I don't see any way of avoiding weighting the various items in the basket. The "natural" weighting is quite far away from reality, and modeling reality seems to be a sine qua non.

The weight that I'm most happy with was based on a month's usage of some mythical average person (or persons - "poor", "middle class" and "upper class") who uses two rolls of TP, has steak once a week, and enjoys wine with dinner once a month... and whatever. But when it came to actually defining those amounts, my head exploded on actually doing all the research to get even vaguely close.

As it was, I had more than a few headaches and many days burned developing weights to offset the BLS substitution bias, hedonics, etc. built ins.

At least both numerator and denominator are in dollars, so you eliminate the dollar variable.

Too bad that the BLS doesn't make all its raw data available to the public.




My only other thought is to come at it via a "dollar index" that's based on real world and world wide figures. A friend (that Vangel also knows from way back) did actually do this and has even taken his (unfortunately proprietary) also back hundreds of years. I have a great deal of respect for what he has done - quite unique work.

Holler if you want the link to his small site, or you could even email me direct via the link on my site on the "About" page.

 
At 6/27/2012 9:00 PM, Blogger bart said...

Make thatL

A friend (that Vangel also knows from way back) did actually do this and has even taken his (unfortunately proprietary) algo or model if you prefer back hundreds of years. I have a great deal of respect for what he has done - quite unique work.

 
At 6/27/2012 9:08 PM, Blogger bart said...

From what I recall Mark has always been partial to citing positive data.
...


Thanks again V. That was my best guess, but we both know how stupid guessing can be.


Having been around the block a few times I can accept an argument that says that housing prices will explode in nominal terms as the USD gets devalued through another series of QE activities. This means that a lot of mortgage holders could be made whole again. But that would take a destruction of the currency and the elimination of any expectation that pensions will provide any purchasing power for those that count on them. We could still witness the type of scenario described in a Rudolf Ditzen novel. But even under such a scenario many people will wind up losing their fully paid for homes because they could not afford the taxes, utilities, etc.

Yep, we're tracking virtually 100% although I could add a few nuances... and none of them would surprise you.

When a government (with the big corporations, ala fascism per the Mussolini definition) gets hungry enough, they have and will cannibalize their citizens with taxes, fees and regulations in order to kick the can a little further down the road.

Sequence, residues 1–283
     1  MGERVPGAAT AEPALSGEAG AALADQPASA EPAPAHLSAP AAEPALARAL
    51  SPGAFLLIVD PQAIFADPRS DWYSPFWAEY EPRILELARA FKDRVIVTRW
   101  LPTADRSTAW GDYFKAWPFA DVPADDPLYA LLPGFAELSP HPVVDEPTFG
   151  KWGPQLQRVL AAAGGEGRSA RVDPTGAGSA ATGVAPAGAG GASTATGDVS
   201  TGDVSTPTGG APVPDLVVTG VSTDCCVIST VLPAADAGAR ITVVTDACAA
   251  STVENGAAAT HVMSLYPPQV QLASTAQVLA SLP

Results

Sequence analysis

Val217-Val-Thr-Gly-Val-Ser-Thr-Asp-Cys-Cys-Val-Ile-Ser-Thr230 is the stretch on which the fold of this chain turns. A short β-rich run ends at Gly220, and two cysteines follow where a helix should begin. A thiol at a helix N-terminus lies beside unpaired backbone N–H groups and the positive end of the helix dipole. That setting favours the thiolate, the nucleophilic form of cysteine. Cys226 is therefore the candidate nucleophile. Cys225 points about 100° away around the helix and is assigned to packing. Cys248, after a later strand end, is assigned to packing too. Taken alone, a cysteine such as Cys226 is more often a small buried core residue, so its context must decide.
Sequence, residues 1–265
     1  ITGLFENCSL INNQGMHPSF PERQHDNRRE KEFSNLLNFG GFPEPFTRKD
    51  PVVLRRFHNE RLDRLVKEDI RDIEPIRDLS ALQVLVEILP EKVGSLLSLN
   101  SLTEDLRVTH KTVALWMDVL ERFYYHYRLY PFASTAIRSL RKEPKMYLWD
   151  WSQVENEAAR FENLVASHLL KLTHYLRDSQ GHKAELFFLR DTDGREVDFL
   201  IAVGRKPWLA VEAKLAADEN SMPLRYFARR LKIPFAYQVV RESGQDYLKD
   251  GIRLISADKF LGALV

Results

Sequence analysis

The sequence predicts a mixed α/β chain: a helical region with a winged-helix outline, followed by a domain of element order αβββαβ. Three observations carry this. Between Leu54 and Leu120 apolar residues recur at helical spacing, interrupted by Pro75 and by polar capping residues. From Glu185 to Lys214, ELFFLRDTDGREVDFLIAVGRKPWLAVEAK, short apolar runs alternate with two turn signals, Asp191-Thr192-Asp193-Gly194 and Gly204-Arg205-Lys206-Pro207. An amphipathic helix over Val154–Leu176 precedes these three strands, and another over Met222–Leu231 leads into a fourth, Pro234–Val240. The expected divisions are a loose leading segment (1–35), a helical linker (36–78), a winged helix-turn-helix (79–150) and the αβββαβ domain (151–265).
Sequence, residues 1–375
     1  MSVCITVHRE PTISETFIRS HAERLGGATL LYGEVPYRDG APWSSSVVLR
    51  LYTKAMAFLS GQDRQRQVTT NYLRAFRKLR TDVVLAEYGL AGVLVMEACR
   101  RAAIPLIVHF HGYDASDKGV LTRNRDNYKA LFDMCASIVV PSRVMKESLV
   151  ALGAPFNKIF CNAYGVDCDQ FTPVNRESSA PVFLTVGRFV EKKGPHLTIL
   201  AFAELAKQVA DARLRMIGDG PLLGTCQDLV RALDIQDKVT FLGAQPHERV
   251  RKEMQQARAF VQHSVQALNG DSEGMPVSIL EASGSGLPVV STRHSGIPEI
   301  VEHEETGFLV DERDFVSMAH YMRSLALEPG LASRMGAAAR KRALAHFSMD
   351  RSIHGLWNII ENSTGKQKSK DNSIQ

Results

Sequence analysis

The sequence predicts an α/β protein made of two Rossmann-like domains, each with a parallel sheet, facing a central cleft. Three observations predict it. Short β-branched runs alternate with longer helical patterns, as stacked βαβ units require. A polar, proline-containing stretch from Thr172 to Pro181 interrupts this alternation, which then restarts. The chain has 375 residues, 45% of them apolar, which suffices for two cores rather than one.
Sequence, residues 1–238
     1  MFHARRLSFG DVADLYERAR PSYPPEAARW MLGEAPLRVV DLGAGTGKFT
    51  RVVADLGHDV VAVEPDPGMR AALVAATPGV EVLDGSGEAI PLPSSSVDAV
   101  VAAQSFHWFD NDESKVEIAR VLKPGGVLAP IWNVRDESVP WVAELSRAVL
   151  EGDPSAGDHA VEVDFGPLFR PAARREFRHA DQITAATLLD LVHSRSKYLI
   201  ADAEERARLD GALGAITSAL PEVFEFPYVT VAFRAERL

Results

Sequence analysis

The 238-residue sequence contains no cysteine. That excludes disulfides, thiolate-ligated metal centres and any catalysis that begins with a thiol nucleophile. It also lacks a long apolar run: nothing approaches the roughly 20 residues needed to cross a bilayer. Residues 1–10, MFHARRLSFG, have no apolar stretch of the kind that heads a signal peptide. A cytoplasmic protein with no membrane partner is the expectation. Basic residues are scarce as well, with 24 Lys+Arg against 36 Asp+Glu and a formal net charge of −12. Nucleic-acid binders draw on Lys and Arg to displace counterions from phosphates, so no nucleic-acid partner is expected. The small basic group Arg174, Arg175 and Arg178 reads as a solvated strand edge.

Stupid and short sighted - of course. But history is littered with stupid human tricks.

 
At 6/27/2012 9:18 PM, Blogger VangelV said...

I am working on a theory. I want to measure a market basket of goods vs. median wage, the idea being to figure out how many hours worked are needed to afford the basket. So, what I am thinking is this: take a market basket of goods (say the ACCRA Cost of Living Basket), and add up its total cost. Take that number and divide it by average hourly wage. In theory, that would provide a ratio of hours worked to the market basket. However, the inherent assumption is that one only buys one of each item in the market basket. I could use weights, but then you run into the same problem as with the CPI. Do you have any thoughts?

I am sorry but this is totally futile. There is no ONE basket that is representative of anything. Some of us spend more on food than others, some love cars, come need to travel longer to work, some have little kids, some are retired. Everyone has a unique basket and no amount of guessing and averaging will be meaningful in a complex world where everything is in flux and there is little day to day certainty.

 
At 6/28/2012 6:34 AM, Blogger Jon Murphy said...

I am sorry but this is totally futile. There is no ONE basket that is representative of anything. Some of us spend more on food than others, some love cars, come need to travel longer to work, some have little kids, some are retired. Everyone has a unique basket and no amount of guessing and averaging will be meaningful in a complex world where everything is in flux and there is little day to day certainty.

True. That's why the idea is to create an indicator. It cannot be representative of everyone. Every measurement on Earth, regardless of what field it is in, has this same problem. That's why scientists use a system of indicators, never just one.

 
At 6/28/2012 8:01 AM, Blogger VangelV said...

True. That's why the idea is to create an indicator. It cannot be representative of everyone. Every measurement on Earth, regardless of what field it is in, has this same problem. That's why scientists use a system of indicators, never just one.

We already have an indicator. It is called the money supply. We know that when the Fed and financial system crate money and credit out of thin air and flood the economy it will affect prices of goods, services, and asset classes. This is how we saw the tech and housing bubbles and how we see the current bond bubble.

 
At 6/28/2012 3:15 PM, Blogger bart said...

We already have an indicator. It is called the money supply.

No question, but you and I both use corrected CPI - whether from SGS or via my own work.

And the correlation between, for example my CPI w/o lies and reconstructed M3, is *very* tight going all the way back into the 1870s.